Even though these saints were regenerated by the Holy Spirit, they needed sound doctrinal teaching from God’s shepherd.  And this truth still holds true for the church today.  I believe the church today will experience the wrath of Satan [not the wrath of God – The Great Tribulation] as Satan knows his days are limited.

I believe when the saints of God do not study Scripture on their own or they are not systematically taught the Word of God, their theological understanding may have huge gaps, thereby resulting in a weakened faith.

Unfortunately, when Paul was forced to escape from the city, he left behind the young Thessalonian saints to struggle through their faith and wrestle with theological issues.  For example,…

…one of the pagan beliefs within the Greek culture, that impacted the Thessalonian Church, was – to be rid of the body was true hope.  You may recall the response from the Athenian philosophers when Paul preached the doctrine of the resurrection; they mocked him (Acts 17:22-32, especially verse 32).

However, with Timothy’s report on the Thessalonian church (3:6), Paul was able to address their confusion, grief, and increasing hopelessness with divine revelation. 

Principle:  It’s no different for the church today; spiritual maturity comes through experiencing hardships, processing our hardships with the Scriptures, and wrestling against the cultural influences that affect our faith.

While sorrow can obscure the believer’s hope, hopelessness will weaken a believer’s faith.  Consequently, a believer may faint in the day of adversity because his strength is small (Proverbs 24:10).  Therefore, to help the Thessalonians stand strong, Paul identifies three blessings from God to comfort the grieving Christian because…

Divine hope comforts the grieving Christian…

a.         …with understanding from Holy Scriptures  (4:13a)
b.         …with the gift of holy assurance  (4:13b)
c.         …with the promise of a heavenly reunion (4:14-15)

Therefore, let us look at the first three blessings God provides for grieving Christians:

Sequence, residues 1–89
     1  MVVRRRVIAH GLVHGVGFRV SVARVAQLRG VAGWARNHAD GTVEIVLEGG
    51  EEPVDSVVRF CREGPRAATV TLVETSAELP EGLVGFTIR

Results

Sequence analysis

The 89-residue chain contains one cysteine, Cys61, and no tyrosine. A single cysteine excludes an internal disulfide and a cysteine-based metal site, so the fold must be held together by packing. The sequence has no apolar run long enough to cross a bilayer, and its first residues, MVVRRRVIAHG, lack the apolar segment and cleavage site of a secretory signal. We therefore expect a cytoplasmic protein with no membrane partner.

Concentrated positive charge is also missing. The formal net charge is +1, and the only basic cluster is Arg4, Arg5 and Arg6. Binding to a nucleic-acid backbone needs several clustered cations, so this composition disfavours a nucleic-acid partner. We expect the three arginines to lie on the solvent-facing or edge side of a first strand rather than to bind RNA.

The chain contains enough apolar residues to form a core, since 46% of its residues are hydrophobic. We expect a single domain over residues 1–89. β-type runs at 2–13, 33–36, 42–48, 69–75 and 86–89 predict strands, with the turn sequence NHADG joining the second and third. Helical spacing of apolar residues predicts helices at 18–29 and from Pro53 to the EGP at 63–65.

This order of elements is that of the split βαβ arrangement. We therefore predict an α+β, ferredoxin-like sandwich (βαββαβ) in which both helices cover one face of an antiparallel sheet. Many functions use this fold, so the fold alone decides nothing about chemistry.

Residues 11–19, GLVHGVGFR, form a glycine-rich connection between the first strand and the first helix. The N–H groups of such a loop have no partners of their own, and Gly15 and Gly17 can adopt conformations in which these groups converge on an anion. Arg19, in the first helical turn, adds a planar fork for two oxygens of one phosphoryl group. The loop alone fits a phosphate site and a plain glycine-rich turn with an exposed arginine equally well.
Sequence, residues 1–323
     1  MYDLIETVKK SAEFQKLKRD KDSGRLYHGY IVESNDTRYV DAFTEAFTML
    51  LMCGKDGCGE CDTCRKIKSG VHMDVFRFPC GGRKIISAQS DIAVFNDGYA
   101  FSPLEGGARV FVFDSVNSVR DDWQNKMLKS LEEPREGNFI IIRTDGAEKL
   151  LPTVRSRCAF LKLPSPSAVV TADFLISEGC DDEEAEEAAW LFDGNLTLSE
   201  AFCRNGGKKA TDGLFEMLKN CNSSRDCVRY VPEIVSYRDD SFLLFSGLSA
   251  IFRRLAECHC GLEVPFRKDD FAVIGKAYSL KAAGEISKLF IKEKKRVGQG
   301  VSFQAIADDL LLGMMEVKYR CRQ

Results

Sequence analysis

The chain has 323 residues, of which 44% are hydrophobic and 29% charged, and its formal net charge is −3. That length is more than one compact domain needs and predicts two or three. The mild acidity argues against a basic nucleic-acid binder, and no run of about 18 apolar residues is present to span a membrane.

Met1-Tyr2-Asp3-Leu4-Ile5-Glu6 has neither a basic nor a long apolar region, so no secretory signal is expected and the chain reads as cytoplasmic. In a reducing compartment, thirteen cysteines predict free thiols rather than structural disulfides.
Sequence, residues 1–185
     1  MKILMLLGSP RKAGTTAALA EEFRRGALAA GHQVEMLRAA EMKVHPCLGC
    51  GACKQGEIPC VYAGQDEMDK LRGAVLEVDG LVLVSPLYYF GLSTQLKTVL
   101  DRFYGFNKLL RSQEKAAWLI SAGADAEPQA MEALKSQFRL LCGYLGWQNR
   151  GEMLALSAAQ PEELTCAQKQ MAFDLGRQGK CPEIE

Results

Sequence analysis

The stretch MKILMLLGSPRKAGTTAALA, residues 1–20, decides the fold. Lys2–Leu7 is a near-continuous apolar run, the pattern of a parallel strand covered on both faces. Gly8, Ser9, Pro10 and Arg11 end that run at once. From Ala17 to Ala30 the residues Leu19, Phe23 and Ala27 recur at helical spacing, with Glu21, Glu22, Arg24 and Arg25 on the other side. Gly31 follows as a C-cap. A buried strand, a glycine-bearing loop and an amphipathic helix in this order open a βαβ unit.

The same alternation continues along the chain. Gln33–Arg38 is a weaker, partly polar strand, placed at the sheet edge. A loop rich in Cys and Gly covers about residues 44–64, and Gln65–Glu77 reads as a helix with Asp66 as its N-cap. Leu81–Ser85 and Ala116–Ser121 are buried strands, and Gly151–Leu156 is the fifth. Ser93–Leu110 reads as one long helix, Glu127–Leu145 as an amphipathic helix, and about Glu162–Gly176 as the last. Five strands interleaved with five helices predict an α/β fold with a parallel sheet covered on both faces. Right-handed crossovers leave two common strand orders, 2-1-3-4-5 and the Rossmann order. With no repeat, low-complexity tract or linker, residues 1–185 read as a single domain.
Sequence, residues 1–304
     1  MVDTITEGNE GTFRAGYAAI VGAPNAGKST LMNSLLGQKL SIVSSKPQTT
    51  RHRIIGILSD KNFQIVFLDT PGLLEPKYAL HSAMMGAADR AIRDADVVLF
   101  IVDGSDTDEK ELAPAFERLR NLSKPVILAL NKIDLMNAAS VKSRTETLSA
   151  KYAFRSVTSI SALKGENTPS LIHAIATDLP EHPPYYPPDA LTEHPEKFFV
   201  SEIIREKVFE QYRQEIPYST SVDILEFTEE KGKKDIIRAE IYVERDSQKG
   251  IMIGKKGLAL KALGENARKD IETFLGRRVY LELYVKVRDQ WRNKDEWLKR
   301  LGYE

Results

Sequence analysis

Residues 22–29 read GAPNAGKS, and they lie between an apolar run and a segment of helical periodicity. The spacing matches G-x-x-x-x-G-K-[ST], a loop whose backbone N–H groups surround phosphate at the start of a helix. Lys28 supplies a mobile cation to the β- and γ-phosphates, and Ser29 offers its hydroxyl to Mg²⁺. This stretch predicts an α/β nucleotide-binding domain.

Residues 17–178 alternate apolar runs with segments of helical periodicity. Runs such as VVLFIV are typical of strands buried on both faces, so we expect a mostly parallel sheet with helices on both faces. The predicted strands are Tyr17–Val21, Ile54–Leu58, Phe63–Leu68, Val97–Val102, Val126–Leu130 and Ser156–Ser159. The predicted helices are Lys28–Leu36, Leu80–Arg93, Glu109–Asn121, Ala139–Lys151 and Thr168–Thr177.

a.         Divine hope comforts the grieving Christian with understanding from Holy Scriptures (4:13a).

“But we do not want you to be uniformed, brothers,about those who are asleep…”
(1st Thessalonians 4:13a)

When asked to identify the largest denomination in the entire world, David Jeremiah responded, The Ignorant Brethren

I believe that ignorance of Scripture is a primary root for the believer’s anxieties.  Everyone lives what they believe.  In other words, our lifestyle and the exercise of spiritual disciplines reveal the depth of our spiritual life.

This is not a put-down to the uninformed Christian; it simply is a truth – spiritual ignorance hurts the believer’s walk of faith – dulling the mind thus, becoming vulnerable to sin and the forces of darkness.

Paul possessed a pastor’s heart.  He understood the negative impact of spiritual ignorance.  Throughout his letters, Paul admonished his readers not to remain ignorant, but to understand God’s truth.  Listen to some of these areas to which believers are not to remain ignorant or uninformed:

  • God’s goodness (Romans 2:4)
  • The believer’s baptism into Christ (Romans 6:3)
  • The power and limits of God’s law (Romans 7:1)
  • God’s righteousness (Romans 10:3)
  • Israel’s present unbelief & the believers’ “grafting” (Romans 11:25)
  • The faithful examples of OT believers (1st Corinthians 10:1)
  • God’s spiritual gifts for the church (1st Corinthians 12:1)
  • The afflictions and troubles of other Christians (2nd Corinthians 1:8)
  • Satan’s designs & schemes to destroy believers (2nd Corinthians 2:11)
  • The present status of dead believers (1st Thessalonians 4:13)

Therefore, knowing the Word is fundamental to all spiritual stability.  [J. Hampton Keathley III]